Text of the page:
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Fifth Circuit: Beyonc‚ song does not infringe songwriter's copyright
December 26, 2007

In a decision last week, the Fifth Circuit affirmed a district court's grant of summary judgment of no copyright infringement. A plaintiff brought suit against the singer Beyoncé Knowles and several parties with whom she is associated alleging that Beyoncé's song "Baby Boy" infringed the plaintiff's work. The district court granted summary judgment of noninfringement based on a lack of substantial similarity.

The Fifth Circuit affirmed, but on the grounds that the plaintiff had not proven access to the copyrighted work. The plaintiff's responses to Beyoncé's requests for admissions foreclosed most of her theories of access, and the remaining theories were too speculative to survive summary judgment. As a result, the Fifth Circuit affirmed the summary judgment of noninfringement.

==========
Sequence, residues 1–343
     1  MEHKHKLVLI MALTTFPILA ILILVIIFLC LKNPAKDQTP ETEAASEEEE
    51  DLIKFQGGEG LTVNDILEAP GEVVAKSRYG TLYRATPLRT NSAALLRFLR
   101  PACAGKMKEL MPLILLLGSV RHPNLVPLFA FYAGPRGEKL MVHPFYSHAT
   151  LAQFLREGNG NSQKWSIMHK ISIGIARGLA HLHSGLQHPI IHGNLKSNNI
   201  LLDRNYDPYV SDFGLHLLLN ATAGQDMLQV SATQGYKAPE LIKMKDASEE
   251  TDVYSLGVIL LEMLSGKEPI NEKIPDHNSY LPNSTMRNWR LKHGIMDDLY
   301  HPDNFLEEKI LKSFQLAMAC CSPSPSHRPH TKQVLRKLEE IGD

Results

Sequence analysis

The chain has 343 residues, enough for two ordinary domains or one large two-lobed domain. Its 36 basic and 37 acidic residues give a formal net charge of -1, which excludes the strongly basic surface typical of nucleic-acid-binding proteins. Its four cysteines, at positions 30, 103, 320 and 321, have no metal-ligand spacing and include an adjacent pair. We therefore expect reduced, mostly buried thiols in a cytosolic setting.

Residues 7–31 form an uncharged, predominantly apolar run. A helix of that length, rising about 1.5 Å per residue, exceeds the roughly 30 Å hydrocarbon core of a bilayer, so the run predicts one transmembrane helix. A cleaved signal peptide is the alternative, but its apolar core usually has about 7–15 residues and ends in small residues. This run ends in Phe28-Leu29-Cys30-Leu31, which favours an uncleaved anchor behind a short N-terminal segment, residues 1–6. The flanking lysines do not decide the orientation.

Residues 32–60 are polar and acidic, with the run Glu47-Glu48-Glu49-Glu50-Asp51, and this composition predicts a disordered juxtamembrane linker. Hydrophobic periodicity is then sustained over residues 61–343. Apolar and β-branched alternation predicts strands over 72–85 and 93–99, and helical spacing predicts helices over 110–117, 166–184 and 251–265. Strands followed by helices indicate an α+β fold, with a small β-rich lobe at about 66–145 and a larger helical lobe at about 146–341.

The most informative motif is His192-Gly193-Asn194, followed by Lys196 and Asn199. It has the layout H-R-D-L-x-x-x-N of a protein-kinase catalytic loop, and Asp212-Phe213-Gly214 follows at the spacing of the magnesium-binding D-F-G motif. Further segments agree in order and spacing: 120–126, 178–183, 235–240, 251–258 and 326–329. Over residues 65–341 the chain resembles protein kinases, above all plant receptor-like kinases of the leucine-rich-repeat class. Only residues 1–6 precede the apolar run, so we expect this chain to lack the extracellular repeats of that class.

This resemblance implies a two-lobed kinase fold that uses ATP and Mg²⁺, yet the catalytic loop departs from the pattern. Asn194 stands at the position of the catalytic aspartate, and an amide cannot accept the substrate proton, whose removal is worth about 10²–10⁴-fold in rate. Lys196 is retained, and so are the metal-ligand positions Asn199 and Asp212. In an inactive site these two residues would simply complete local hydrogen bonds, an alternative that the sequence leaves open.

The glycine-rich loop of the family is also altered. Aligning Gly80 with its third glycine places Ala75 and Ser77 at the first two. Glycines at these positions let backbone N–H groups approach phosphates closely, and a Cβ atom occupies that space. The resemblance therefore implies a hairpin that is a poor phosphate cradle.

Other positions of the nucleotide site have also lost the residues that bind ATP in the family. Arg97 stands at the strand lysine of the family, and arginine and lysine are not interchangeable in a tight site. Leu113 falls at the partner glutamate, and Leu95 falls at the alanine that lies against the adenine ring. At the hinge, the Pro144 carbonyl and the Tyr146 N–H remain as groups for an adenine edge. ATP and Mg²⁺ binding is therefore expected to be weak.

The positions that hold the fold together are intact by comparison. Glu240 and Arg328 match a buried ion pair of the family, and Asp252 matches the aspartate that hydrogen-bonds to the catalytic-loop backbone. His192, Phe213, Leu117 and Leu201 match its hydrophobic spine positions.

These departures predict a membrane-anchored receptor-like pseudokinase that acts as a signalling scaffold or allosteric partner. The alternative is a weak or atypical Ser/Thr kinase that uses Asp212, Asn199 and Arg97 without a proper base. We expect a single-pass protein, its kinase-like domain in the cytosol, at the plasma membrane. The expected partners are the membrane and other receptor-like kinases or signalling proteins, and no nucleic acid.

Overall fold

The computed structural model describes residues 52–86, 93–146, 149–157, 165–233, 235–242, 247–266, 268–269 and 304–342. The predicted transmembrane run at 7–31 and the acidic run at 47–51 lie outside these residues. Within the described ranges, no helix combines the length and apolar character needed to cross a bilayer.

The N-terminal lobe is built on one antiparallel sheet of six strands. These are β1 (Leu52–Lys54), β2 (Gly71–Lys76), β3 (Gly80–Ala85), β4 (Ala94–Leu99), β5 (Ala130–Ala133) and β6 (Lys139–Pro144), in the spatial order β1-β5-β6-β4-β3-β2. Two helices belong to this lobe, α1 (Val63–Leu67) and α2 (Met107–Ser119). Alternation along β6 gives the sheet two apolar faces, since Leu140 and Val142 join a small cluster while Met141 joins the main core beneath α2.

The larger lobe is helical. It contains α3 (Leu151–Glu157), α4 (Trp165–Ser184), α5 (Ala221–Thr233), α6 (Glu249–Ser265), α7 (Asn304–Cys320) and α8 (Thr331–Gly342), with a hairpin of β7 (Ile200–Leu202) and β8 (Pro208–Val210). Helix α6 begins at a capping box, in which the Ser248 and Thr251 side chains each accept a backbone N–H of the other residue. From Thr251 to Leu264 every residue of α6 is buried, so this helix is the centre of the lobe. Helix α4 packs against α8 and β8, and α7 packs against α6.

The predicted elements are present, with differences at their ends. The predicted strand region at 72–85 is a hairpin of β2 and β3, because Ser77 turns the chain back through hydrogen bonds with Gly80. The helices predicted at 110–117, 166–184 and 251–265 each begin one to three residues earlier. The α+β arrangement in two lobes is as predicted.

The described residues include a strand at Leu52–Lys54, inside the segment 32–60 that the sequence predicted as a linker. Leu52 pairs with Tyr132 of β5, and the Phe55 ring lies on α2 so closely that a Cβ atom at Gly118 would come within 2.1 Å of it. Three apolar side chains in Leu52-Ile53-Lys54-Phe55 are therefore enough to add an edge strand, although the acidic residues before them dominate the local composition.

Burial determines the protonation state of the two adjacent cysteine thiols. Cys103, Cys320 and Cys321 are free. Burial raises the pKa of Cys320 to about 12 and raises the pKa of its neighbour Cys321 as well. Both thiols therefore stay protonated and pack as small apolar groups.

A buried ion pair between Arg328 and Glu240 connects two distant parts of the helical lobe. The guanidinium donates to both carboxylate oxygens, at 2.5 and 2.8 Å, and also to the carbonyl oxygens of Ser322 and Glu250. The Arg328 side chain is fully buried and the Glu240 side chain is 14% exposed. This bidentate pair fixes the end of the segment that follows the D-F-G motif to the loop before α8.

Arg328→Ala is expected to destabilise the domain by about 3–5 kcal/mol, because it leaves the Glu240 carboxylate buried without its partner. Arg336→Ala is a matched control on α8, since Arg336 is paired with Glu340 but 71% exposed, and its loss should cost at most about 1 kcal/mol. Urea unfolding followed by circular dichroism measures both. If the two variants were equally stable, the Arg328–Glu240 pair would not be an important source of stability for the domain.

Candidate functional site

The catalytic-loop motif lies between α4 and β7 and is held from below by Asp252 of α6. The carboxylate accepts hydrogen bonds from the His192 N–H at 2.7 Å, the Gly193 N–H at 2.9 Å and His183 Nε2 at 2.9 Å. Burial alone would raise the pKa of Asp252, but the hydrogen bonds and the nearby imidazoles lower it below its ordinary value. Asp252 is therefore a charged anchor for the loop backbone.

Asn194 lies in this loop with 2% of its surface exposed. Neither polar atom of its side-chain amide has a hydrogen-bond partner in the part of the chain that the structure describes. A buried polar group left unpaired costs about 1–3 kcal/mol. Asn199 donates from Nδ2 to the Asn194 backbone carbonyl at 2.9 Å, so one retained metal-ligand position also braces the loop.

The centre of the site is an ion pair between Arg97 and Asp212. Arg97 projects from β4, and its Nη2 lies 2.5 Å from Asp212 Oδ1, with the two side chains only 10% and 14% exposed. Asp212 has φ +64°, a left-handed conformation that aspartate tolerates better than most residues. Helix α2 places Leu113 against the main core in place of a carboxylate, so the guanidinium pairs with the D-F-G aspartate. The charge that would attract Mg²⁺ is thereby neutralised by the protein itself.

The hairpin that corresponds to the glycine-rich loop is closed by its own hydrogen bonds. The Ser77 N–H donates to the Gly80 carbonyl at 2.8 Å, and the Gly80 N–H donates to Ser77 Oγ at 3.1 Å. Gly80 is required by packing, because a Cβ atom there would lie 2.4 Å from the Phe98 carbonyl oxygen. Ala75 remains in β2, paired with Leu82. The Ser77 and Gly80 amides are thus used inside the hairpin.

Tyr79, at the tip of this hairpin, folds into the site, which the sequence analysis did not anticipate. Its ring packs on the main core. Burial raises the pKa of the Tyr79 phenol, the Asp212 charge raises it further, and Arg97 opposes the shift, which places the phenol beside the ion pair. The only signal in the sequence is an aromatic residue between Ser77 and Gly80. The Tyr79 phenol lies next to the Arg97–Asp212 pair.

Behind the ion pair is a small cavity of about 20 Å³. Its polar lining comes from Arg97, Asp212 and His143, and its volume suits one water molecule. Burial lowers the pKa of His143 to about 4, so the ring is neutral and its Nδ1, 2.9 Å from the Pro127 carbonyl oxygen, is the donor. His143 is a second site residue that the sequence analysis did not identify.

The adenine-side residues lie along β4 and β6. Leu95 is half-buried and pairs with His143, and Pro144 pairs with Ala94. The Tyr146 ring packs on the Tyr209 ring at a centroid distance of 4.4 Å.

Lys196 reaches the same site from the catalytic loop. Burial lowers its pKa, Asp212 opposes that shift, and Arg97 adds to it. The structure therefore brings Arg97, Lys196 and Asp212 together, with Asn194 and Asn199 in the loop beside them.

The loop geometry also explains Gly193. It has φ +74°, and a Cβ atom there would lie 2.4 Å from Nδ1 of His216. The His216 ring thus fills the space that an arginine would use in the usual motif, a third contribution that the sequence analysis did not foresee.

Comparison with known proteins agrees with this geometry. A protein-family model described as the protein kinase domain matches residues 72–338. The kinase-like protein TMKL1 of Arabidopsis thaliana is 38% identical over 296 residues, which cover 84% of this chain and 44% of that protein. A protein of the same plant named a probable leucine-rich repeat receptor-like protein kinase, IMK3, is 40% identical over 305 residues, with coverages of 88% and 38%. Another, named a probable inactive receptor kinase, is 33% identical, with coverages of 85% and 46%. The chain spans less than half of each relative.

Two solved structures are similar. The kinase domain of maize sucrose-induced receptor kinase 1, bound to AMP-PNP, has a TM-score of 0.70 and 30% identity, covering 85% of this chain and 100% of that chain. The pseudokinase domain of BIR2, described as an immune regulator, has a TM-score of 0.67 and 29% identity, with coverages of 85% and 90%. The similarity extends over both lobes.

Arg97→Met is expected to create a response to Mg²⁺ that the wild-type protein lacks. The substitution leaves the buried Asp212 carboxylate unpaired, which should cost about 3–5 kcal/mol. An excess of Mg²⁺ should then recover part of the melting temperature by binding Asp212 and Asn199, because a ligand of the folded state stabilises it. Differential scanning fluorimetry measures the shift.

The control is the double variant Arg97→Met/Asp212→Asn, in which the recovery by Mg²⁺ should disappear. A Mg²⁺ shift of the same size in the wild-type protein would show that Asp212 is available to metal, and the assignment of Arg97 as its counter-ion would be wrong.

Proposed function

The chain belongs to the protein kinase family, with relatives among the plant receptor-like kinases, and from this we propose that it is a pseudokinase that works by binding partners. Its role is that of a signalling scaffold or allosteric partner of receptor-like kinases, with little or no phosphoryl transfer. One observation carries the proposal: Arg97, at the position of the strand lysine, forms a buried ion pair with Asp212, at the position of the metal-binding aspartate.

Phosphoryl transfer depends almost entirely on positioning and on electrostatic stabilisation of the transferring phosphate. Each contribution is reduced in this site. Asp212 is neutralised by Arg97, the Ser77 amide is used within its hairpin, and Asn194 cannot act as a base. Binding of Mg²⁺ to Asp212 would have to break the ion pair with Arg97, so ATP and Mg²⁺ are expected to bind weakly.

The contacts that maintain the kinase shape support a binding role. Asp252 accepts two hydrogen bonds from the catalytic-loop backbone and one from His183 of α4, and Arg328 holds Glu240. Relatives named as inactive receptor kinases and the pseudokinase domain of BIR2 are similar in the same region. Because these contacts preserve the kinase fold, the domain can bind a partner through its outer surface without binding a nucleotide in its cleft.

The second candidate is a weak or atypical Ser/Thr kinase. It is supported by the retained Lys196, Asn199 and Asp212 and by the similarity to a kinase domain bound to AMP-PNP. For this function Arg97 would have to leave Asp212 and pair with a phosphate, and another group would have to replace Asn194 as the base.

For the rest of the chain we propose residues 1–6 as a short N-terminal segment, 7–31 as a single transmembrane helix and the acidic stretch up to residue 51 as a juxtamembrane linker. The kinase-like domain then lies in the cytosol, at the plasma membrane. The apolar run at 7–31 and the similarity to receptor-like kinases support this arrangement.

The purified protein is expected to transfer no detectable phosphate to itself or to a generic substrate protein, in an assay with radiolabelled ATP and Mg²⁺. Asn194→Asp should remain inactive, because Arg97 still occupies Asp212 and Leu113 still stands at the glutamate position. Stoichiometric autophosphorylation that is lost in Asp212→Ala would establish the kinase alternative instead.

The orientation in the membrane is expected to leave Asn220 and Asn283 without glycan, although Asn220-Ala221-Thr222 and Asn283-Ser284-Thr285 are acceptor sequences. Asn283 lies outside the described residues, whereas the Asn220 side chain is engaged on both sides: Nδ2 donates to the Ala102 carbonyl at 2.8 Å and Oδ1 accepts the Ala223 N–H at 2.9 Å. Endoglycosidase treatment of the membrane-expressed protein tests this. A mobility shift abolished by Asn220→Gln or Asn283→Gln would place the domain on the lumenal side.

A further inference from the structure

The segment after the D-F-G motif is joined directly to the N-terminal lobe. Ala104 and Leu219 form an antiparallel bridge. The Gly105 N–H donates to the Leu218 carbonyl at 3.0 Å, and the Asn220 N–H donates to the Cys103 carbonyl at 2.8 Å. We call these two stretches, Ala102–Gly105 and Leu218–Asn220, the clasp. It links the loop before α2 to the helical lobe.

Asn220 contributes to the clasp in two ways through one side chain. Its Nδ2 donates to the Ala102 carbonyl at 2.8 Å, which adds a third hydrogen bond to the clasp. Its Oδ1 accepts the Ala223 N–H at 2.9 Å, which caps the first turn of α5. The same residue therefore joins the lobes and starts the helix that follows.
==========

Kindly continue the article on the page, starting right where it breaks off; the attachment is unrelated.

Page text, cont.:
Jennifer Armour, an aspiring singer and songwriter, composed a demo tape that she hoped would help advance her career. The material on the tape included an instrumental version of her song, "Got a Little Bit of Love for You" (hereinafter "Little Bit of Love"). On February 12, 2003, Armour registered a copyright of an a cappella version of "Little Bit of Love." On May 1, 2006, she registered a copyright of an instrumental version of the same song. Sometime between January and March 2003, Armour's manager sent copies of the tape to a number of people thought to be associated with Beyoncé Knowles. There was no response, and none of the tapes were returned. Meanwhile, in February 2003, Beyoncé recorded song entitled "Baby Boy." After finishing in the studio, Beyoncé added a guest artist, who contributed a section to the song and it was commercially released June 24, 2003. Armour after being struck by the similarities between the two songs, filed a suit for copyright infringement against Beyoncé, her record label and various other parties involved in the creation and distribution of "Baby Boy" (all defendants hereinafter collectively referred to as "Beyoncé"). Beyoncé successfully moved for summary judgment of noninfringement. The district court concluded that no reasonable jury could find the two songs substantially similar. The court also awarded Beyoncé costs.The Fifth Circuit affirmed the judgment, and dismissed the appeal of an order awarding costs. Armour tried to establish copyright infringement by proving access and substantial similarity. While the district court granted summary judgment on the grounds of no substantial similarity, the Fifth Circuit affirmed the summary judgment on the grounds that Armour had not proven access, and did not reach the question of substantial similarity.The court noted that to establish access, a plaintiff must prove that "the person who created the allegedly infringing work had a reasonable opportunity to view the copyrighted work" before creating the infringing work. The court also noted that "[a] bare possibility will not suffice; neither will a finding of access based on speculation or conjecture."Armour suggested four means by which Beyoncé allegedly had access to her demo before composing the relevant portion of "Baby Boy" on February 13. She claimed that the song was sent to Beyoncé's father and manager; to an executive at Beyoncé's record publisher, Sony Music; to an executive at Atlantic Records, the label of Beyoncé's collaborator Sean Paul; and to a mysterious man known as "T-Bone," who Armour contends was a "friend" of Beyoncé's.Noting that the question of when Beyoncé had access to Armour's demo tape remains a heavily disputed, the court noted that the dispute is almost entirely eclipsed by Armour's response to Beyoncé's request for admissions. In her responses, Armour stated that the demo tapes were sent or given to three of the four associates in late February or early March 2003. The binding date of "late February or early March" makes access impossible under the first three scenarios, because Beyoncé created the allegedly infringing portion of "Baby Boy" by February 13.The only remaining associate, then was T-bone which the court held was "the weakest of Armour's theories," because the nature of T-Bone's relationship with Beyoncé was not established in the record. Armour relied solely on the affidavit of her manager in which he stated his personal belief that T-Bone and Beyoncé were good friends. The only other evidence in the affidavit was a suggestion that Beyoncé and T-Bone had worked together on a movie set in the past and that T-Bone had played one of Armour's previous demo tapes for everyone on the set to hear. The court noted that: "Not surprisingly, the record contains no affidavit from, or deposition of, T-Bone."The court held that even construed in the light most favorable to Armour, "the T-Bone theory requires too much speculation and conjecture on which to rest the conclusion that Beyoncé had a reasonable opportunity for access. The court thus affirmed the summary judgment rejecting all four theories of access. The court also dismissed the appeal of the lower courts' award of costs to Beyoncé. The award was issued nearly two months after the summary judgment order, and a separate notice of appeal was not filed on the issue.To read the full decision in Armour v. Knowles, click here.

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